Tax tips for RRSP

  1. Your RRSP room is shown your Notice of assessment
  2. Your RRSP contribution can reduce your income.
  3. If you have spare cash available, contribute as much as you can to an RRSP, but within the RRSP room available, income generated inside the RRSP is tax-free and any unused RRSP can be claimed in later years
  4. CRA allows a non-deductible $2,000 over-contribution. Above $2000 level, the excess is subject to a penalty of 1% per month until the excess is taken out.
  5. In some cases, consider borrowing funds to contribute to RRSP
  6. Take out funds from RRSP in low-income years.
  7. Think about transferring shares from non-registered accounts to RRSP account
  8. If you are first time buyer, can withdraw up to $25,000 as a loan to buy a home, without reporting it as income. The loan has to be repaid over 15 years starting the second year of withdrawal.
  9. If you or your spouse enrolls in full time training or post-secondary education, can withdraw up to $20,000 in four-year period. The withdrawal will be repaid over 10 years after the fifth year following the first withdrawal.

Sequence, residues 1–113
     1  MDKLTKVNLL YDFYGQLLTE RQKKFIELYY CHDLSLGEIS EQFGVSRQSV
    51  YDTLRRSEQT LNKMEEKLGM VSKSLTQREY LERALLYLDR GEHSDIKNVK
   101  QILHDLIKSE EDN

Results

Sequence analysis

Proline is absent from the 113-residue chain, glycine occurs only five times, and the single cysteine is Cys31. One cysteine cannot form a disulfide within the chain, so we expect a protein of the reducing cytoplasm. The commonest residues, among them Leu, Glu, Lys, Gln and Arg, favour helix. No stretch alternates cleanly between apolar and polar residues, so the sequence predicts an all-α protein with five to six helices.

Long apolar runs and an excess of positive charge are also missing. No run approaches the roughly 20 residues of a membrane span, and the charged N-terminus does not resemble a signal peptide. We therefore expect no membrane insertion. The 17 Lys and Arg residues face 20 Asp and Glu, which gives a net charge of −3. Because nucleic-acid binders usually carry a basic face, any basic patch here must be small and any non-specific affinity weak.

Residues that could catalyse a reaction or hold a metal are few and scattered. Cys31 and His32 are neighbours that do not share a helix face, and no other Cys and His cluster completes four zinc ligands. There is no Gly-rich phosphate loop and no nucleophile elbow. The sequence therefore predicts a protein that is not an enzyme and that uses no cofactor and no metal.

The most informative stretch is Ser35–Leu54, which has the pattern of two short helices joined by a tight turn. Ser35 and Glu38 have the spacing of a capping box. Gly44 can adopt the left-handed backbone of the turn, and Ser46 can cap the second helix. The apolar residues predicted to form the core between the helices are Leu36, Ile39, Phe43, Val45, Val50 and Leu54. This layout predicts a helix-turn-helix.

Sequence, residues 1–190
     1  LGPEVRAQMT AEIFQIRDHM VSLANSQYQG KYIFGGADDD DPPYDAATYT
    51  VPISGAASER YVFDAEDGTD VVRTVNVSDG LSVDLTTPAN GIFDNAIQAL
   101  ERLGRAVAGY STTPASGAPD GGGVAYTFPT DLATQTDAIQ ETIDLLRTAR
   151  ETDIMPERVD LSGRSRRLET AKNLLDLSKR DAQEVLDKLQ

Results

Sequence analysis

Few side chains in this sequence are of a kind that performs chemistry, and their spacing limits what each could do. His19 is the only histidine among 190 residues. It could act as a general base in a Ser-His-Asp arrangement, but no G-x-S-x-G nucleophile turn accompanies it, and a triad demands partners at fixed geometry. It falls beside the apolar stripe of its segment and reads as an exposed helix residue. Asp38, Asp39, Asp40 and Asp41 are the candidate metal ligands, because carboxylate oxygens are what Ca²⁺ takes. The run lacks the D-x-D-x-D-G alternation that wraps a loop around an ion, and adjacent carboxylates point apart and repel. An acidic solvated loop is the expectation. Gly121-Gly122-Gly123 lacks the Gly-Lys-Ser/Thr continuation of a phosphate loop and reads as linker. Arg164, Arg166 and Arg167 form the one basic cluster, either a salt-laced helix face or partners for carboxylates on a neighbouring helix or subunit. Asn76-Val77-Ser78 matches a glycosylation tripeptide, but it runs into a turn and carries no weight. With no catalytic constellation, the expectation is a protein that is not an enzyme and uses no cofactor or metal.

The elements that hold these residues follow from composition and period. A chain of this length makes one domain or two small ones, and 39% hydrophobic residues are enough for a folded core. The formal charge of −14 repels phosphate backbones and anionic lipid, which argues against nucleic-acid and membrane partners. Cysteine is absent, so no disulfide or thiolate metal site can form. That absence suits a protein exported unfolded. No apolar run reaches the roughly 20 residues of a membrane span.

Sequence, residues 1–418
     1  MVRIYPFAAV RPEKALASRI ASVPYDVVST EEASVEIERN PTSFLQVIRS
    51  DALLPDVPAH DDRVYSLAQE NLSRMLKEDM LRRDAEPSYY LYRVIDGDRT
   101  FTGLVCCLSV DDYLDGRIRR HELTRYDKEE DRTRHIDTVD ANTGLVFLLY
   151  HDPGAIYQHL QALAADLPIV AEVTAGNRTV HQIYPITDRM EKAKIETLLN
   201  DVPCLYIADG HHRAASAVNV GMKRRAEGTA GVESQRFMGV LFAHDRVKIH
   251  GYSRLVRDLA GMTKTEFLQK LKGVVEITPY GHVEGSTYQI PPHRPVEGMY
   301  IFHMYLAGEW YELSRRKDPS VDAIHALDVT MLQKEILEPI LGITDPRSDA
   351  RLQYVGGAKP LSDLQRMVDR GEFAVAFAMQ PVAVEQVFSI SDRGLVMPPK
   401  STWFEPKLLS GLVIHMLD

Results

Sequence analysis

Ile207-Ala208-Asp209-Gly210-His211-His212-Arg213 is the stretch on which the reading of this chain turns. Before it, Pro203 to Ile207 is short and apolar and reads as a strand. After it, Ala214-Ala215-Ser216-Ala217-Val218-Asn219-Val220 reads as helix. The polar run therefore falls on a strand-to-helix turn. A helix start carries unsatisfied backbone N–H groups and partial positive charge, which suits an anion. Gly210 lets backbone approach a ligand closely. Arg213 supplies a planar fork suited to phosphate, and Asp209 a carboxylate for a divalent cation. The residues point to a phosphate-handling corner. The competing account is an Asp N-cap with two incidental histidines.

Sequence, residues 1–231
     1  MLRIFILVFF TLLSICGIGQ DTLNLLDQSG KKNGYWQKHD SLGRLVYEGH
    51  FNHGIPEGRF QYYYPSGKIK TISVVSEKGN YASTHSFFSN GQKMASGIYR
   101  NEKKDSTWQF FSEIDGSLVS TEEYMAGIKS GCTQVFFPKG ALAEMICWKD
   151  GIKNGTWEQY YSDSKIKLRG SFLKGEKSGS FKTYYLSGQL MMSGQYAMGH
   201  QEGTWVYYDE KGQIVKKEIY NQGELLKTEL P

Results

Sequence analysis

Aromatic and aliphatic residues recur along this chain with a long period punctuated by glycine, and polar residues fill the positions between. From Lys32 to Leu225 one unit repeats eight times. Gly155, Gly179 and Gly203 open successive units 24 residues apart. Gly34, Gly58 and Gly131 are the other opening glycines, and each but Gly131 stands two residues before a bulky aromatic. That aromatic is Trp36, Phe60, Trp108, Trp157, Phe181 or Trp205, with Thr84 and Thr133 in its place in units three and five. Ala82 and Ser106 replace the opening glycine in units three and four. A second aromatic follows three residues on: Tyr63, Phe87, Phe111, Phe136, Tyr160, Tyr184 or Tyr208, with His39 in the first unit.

10. RRSP is most suitable for:
  • Current year has high income, and expecting a low-income years (such as taking time off to take care of children or for extended vacation)– claiming a deduction at 50% and withdrawing in year at 20% rate.
  • Current year has high income, and planning for retirement years – claiming a deduction at 50% and withdrawing in retiring years when the income is low.
  • Self-employed as income may vary a lot year by year – RRSP deductions can be used to smooth our tax on high income year. Drawing out RRSP funds at low income year.

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